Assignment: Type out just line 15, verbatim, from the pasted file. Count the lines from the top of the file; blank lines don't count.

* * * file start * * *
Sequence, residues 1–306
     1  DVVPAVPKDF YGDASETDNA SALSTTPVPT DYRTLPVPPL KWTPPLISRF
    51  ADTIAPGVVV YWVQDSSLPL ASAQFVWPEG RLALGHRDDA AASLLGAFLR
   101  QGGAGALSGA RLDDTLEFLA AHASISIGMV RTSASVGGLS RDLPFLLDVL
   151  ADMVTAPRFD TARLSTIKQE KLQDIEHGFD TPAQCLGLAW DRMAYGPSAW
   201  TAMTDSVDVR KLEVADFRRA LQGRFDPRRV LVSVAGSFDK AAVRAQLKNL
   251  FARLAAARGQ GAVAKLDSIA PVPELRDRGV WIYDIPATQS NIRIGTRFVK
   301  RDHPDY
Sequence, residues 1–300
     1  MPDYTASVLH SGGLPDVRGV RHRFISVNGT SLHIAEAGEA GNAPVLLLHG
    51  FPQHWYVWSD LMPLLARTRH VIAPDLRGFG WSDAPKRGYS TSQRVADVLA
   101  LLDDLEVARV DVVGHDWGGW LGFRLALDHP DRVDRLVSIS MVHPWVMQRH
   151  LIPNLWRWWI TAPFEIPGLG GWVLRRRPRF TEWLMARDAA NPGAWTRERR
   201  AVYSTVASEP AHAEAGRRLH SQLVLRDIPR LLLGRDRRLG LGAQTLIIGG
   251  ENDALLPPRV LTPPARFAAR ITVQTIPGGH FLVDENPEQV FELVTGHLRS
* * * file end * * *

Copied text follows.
   251  ENDALLPPRV LTPPARFAAR ITVQTIPGGH FLVDENPEQV FELVTGHLRS